A new postgraduate Genomics Medicine MSc course has been launched to give NHS staff a practical and comprehensive knowledge of genomics. Research into genomics is transforming medicine and holds out the promise of bespoke diagnosis, treatment and disease prevention for each individual patient based on their own genetic make-up.
Taught jointly by academics at St George’s, University of London (St George’s), and King’s College London (King’s), the course also allows very practical access to leading London hospitals at both the Tooting and London Bridge sites.
The course uses expertise in genomics and bioinformatics from the Biomedical Research Centre (BRC) at Guy’s and St Thomas’ and King’s College London, which gives students access to first class research experience within the field of genomics data analysis. Scientists from the BRC lecture on various topics on the course and lead the module on Pharmacogenomics and Stratified Healthcare.
The course is one year full time or two years part time and has a considerable e-learning online element so can be very flexible.
Health Education England is fully funding some places on the course.
Students will carry out their research project at either King’s or St George’s.
What distinguishes the St George’s/King’s course is the practical clinical access and the world class expertise in genomics – as St George’s, University of London, is on the site of St George’s Hospital, a major London centre of excellence, and King’s is part of the King’s Health Partners Academic Health Sciences Centre that includes three London NHS trusts.
Professor Nigel Brown, Director, Institute of Medical and Biomedical Education at St George’s said: “Educating the workforce, patients and the population is critical to deriving the best healthcare improvements from the extraordinary advances being made in genomics.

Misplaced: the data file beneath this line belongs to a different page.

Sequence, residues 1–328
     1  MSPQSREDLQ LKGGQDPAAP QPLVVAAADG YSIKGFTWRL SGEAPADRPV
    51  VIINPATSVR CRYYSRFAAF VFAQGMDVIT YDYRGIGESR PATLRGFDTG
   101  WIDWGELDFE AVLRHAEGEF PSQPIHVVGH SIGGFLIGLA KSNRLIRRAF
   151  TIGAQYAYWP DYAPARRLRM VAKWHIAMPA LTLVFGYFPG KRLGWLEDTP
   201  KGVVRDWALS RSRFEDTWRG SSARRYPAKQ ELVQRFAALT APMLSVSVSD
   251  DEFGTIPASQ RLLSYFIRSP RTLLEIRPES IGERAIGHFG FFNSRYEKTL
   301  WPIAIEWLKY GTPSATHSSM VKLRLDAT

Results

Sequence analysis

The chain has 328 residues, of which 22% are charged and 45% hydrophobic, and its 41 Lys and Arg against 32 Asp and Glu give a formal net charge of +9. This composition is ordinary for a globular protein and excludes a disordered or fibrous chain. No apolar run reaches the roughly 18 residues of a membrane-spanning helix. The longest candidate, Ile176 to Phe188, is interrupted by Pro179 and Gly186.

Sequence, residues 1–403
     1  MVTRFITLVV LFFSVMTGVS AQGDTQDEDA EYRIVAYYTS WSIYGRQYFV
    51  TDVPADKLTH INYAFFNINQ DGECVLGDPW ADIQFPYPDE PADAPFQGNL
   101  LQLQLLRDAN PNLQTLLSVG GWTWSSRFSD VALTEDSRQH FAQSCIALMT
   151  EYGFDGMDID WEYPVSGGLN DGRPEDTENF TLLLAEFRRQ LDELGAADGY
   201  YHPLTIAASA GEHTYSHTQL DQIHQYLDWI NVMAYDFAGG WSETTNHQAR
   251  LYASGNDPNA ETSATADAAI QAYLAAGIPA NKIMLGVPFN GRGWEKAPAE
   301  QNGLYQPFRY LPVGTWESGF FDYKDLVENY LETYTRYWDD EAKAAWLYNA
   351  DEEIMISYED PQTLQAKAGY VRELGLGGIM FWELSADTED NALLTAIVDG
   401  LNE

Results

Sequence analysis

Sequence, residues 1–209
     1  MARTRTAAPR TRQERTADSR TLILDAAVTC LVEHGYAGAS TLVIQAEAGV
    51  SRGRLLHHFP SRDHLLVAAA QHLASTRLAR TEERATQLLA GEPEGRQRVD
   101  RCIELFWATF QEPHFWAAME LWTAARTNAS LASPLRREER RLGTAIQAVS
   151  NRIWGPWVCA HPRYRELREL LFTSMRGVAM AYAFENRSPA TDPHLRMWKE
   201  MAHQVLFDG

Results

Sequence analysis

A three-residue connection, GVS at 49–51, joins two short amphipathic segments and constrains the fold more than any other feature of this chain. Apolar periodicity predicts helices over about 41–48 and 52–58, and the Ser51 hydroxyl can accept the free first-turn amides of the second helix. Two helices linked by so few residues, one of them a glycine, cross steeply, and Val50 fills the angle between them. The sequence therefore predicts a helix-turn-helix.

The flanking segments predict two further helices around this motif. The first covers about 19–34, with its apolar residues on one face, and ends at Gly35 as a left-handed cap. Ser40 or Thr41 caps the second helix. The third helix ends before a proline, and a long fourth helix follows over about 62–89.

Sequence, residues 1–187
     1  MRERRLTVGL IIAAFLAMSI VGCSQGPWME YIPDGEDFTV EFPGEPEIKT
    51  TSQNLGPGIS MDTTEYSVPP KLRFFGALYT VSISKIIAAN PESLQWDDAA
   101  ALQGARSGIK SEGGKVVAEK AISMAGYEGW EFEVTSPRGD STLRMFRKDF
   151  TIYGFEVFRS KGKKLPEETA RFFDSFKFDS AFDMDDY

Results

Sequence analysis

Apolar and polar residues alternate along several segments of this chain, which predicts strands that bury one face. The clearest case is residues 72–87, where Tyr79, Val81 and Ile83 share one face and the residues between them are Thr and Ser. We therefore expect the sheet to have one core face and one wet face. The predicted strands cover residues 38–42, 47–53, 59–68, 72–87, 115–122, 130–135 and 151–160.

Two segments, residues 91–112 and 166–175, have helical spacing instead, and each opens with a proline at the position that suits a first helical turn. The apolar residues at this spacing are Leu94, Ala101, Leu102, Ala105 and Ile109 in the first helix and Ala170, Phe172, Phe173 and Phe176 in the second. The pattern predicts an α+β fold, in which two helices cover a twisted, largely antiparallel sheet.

“Our innovative course is an integral part of the wider collaboration with King’s and other partners in South London to deliver on the 100,000 Genomes Project and the benefits it will generate.”
“With the 100,000 genomes project the UK leads the world in the application of genomics medicine within a national health system,” added Professor Tim Hubbard, Head of Department of Medical & Molecular Genetics at King’s College London and Head of Genome Analysis at Genomics England.
He said: “Now is the time to learn about this technology and with this course study with those applying it within the NHS today.”
Both institutions have been at the forefront of advances in genomics and medicine for decades and there is a particular expertise around microbial genomics, medical ethics and cardiovascular genomics.
Cardiology at St George’s is headed by the world renowned Professor Sanjay Sharma, who among other positions is the Medical Adviser to the London marathon. King’s is the home of TwinsUK founded by Professor Tim Spector. It is one of the largest and best phenotyped twins registries in the world and features frequently in science programmes.
Both universities are also part of the South London-based Genomics Network Alliance which will become a pioneering Genomic Medicine Centre, as part of the ground-breaking 100,000 Genomes Project.
As part of this, St George’s will work with King’s and local NHS trusts to provide university expertise for the ambitious plan. The universities will also play a key part in genomic research and education.